Considered one of the twentieth century’s major portrait photographers, Arnold Newman (1918–2006) took photographs that captured the artists, writers, celebrities, politicians, and businessmen that shaped the world during his long career. Well known for his perfectionism, he would meticulously craft his photographs both at the sitting and in the darkroom. However, this rigorous process often meant that in publications and exhibitions of his work, it was nearly impossible for a curator or editor to prevail against Newman’s strong opinions. Because he wanted to show work he felt was most impressive, figures who were no longer well known such as businessmen, as well as landscapes, cityscapes, and abstractions were often omitted from documentation of his work.
Arnold Newman: Masterclass, the first posthumous retrospective of Newman’s work, reverses these omissions. Always open about his process, the title references the importance of teaching in his work as he enjoyed leading workshops and courses. The exhibition is divided into ten sections loosely based on Newman’s techniques, to assist in the visitor’s understanding of his artistic evolution and priorities.
Having grown up in Atlantic City and Miami, where his father managed hotels, Newman encountered and was at ease with a wide range of human characters. These experiences would eventually be put to use in his work, photographing personalities as diverse as the choreographer Martha Graham (1961) and the German industrialist Alfred Krupp (1963). The diversity of his subjects is an indicator of the fact that Newman often worked on assignment: photography was both his art and a commercial profession. His photographs were published in popular magazines and newspapers such as Life, Newsweek, Harper’s Bazaar, The Saturday Evening Post, and The New York Times. The growth of print media over the first half of the twentieth century resulted in a high demand for celebrity portraits and Newman’s identity as artist-photographer was not unique. He was among a cohort of photographers whose work he aspired to and who could also be considered his colleagues, such as Irving Penn, Edward Steichen, Cecil Beaton, and George Hoyningen-Huene, who were celebrated for their artistic photographs of the famous and powerful.
What differentiated Newman from his contemporaries was that he photographed his subjects in their natural environments: their studios, living rooms, and offices. Newman’s approach caused him to be labeled as the pioneer of the “environmental” portrait, but he rebelled against the label insisting that his work was better understood as “symbolic.” Researching his subjects beforehand, he would use his knowledge to “build” his photographs from the clues he found in their spaces. When a sitter was nervous or reserved, Newman would purposefully bumble around the studio or stall, until they relaxed; a skill he had learned in department store portrait studios (he was forced to leave school for financial reasons). He carefully composed each frame, drawing out his subjects to capture something at the heart of their personality, often a perspective that remained otherwise hidden.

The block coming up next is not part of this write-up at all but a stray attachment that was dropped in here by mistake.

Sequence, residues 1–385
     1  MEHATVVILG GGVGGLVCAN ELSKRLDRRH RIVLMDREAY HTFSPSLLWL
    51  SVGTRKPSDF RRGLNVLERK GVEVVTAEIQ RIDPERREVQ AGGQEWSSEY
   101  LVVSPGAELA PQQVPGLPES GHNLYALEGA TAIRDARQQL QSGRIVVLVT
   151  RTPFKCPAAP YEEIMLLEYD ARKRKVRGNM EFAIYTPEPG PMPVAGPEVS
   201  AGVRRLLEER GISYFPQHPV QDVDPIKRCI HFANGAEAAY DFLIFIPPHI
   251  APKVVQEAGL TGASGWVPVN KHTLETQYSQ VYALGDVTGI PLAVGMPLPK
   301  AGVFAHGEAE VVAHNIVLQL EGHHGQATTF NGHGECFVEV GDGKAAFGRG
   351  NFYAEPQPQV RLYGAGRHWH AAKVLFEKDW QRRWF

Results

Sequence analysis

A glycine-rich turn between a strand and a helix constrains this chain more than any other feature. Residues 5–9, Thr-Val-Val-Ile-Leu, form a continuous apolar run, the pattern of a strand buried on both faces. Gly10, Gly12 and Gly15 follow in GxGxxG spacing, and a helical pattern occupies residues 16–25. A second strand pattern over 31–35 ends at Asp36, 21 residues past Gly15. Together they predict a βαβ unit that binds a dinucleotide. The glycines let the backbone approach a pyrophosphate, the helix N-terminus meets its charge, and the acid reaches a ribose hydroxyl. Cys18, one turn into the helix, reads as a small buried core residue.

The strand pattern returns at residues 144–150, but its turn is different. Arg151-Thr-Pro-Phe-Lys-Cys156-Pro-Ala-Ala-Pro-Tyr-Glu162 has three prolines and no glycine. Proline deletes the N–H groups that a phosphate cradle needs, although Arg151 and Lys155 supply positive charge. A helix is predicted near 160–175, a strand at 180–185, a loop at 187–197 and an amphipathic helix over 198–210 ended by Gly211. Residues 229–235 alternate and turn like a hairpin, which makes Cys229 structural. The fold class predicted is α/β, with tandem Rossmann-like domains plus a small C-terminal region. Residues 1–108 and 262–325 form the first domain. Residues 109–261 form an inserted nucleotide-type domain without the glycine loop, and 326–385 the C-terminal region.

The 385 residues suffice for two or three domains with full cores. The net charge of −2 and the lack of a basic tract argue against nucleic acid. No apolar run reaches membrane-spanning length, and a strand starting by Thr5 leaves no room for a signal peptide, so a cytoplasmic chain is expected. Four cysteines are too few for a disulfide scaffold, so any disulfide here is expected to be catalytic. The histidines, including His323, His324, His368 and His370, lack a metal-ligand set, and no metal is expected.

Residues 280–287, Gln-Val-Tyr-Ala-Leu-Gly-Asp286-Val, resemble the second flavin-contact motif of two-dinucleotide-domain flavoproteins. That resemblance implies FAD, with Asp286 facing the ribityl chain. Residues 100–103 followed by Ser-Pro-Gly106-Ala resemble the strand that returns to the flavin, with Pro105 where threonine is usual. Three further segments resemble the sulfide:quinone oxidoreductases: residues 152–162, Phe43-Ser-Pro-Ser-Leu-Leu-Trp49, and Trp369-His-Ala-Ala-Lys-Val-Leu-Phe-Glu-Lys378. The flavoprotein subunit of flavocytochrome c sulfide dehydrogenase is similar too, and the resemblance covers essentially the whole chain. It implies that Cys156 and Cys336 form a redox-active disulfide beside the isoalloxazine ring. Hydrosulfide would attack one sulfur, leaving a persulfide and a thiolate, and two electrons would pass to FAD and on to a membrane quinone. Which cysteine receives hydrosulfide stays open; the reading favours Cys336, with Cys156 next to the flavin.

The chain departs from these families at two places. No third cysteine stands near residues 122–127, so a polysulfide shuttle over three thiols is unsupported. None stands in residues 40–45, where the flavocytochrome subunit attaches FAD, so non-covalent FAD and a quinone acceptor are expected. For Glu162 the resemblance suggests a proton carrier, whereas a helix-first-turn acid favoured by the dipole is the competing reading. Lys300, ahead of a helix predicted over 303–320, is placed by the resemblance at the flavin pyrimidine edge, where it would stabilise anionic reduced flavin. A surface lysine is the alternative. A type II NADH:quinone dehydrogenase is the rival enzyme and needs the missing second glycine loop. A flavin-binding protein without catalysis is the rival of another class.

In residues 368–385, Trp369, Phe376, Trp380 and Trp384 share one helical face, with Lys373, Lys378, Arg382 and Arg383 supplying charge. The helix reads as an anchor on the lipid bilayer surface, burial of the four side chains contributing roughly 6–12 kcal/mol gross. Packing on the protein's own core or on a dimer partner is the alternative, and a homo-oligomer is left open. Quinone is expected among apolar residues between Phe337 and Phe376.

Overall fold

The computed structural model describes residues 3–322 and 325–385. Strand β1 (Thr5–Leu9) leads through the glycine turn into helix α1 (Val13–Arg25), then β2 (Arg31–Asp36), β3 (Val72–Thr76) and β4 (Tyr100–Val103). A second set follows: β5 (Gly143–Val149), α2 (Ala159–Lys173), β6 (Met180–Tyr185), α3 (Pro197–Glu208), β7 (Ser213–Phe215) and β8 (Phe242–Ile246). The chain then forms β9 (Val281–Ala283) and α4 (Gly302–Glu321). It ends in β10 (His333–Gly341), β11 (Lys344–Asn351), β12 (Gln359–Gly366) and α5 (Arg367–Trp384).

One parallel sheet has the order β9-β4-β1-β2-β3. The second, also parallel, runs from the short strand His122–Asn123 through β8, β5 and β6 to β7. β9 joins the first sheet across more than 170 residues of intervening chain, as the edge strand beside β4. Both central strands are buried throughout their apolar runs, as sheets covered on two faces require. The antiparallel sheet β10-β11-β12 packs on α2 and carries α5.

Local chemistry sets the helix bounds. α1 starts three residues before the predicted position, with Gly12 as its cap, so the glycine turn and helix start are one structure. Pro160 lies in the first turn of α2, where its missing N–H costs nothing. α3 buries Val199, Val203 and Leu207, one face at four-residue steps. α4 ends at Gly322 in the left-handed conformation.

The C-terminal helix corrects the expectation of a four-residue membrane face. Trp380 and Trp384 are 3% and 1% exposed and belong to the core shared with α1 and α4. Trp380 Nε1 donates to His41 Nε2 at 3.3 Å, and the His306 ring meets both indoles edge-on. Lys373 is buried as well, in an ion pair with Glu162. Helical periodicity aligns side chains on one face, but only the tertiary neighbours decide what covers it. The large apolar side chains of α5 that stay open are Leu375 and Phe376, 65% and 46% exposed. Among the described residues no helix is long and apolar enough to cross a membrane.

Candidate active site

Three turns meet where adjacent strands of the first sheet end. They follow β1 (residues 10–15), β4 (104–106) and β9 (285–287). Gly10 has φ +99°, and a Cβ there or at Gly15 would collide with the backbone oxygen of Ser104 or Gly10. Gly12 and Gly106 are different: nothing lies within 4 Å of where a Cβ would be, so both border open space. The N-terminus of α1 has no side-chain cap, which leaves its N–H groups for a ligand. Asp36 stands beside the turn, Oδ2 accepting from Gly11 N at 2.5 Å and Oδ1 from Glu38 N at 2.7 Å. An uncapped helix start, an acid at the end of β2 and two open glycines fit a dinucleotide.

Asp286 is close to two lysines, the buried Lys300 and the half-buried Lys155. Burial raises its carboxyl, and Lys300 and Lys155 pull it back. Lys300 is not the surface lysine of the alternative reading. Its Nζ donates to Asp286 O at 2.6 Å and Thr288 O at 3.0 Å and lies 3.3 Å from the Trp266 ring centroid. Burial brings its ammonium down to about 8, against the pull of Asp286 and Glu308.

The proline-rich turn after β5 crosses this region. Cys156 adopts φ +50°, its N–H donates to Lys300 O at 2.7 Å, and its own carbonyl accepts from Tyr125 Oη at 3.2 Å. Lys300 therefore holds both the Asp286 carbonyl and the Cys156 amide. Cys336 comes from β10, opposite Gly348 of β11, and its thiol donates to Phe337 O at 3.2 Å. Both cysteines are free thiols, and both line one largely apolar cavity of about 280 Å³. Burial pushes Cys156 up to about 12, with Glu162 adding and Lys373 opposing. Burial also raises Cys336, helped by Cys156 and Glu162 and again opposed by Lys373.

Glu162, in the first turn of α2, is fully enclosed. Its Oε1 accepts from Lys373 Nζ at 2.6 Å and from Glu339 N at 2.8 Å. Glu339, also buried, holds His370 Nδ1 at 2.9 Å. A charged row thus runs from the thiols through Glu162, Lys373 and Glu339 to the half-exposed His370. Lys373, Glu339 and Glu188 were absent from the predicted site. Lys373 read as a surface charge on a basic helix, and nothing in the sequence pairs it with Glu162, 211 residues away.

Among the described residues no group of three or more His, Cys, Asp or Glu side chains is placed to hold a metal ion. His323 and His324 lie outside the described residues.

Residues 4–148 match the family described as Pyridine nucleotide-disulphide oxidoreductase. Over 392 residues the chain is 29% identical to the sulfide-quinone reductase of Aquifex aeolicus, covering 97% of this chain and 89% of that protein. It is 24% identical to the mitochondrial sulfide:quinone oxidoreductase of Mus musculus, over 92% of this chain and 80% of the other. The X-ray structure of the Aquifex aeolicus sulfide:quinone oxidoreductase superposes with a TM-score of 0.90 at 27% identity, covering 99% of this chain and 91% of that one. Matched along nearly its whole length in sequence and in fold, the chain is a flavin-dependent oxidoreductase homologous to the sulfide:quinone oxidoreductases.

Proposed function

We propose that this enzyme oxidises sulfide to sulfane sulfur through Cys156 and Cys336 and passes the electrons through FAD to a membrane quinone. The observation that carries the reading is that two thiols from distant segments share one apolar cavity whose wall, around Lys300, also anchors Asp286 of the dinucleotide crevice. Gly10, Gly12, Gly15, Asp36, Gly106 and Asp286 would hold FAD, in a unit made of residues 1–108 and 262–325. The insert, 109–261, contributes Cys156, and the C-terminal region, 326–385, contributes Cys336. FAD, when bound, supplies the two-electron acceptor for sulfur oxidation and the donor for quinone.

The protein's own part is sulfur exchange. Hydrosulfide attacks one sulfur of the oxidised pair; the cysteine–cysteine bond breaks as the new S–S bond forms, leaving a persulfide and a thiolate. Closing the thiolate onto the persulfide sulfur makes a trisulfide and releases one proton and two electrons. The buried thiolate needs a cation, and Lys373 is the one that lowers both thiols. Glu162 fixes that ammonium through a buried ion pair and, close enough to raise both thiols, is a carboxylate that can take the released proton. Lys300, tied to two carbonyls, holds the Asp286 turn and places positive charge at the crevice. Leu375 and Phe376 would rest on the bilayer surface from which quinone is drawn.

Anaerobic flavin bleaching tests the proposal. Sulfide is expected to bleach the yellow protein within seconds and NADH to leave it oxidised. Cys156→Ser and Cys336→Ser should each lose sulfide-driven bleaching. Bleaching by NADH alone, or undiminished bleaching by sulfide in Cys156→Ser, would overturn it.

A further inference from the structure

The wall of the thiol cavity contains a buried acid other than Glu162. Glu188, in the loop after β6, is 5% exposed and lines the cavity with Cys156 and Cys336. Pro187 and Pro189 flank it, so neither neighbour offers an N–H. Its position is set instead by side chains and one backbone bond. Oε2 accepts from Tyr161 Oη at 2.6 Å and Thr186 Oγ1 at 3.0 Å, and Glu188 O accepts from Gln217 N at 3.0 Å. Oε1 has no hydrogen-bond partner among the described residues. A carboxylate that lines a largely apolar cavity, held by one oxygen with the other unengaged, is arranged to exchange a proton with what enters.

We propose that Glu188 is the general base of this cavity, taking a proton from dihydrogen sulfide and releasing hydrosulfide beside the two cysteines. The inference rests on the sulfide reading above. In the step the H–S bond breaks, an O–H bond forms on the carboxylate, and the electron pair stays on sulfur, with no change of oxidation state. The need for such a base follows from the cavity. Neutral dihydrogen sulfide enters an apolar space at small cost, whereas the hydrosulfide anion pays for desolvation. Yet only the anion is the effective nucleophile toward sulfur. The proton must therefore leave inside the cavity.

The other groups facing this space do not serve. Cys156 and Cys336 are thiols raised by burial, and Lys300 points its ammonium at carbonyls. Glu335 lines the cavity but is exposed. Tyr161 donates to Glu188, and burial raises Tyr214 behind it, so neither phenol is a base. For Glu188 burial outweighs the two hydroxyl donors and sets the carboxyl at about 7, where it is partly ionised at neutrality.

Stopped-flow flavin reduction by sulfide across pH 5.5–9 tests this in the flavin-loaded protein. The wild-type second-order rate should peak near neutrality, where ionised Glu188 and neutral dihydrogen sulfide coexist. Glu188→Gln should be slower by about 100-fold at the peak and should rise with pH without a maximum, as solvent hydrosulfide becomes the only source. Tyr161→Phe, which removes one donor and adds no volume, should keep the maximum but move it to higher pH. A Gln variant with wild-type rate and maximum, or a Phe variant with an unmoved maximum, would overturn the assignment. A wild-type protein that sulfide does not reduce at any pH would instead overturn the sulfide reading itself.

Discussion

He commonly set artists’ work within the frame of their portraits, as in his photographs of Joseph Albers (1948), and Piet Mondrian (1942) who appear as elements in one of their own compositions, and made their work central to their depicted identity. Newman’s own identity as an artist and photographer, however, was removed from his personal beliefs, which rarely entered into his work. An ardent Zionist, he met his wife Augusta in 1948 while working to raise money and arrange shipments of arms to the Haganah, the underground army fighting to establish the state of Israel. He photographed David Ben-Gurion in 1967, as well as Yasser Arafat in 1993 when the two men supposedly “charmed each other.”
This separation between his work and his personal politics brings us back to the fact that Newman considered himself an artist before everything else. He would often recall the abstractions that were his focus at the beginning of his career, and to which he continued to return, highlighting the fact that photography was merely one tool. He hoped to be recognized as a photographer who happened to take portraits. Bringing together photographs demonstrating the full scope of his work, Masterclass is a lesson in artistic diversity and nuance.
Claire Frost is Curatorial Associate at The CJM. She worked on Arnold Newman: Masterclass and is currently working on the upcoming exhibition J. Otto Seibold and Mr. Lunch, as well as the second installation of In That Case: Havruta in Contemporary Art.
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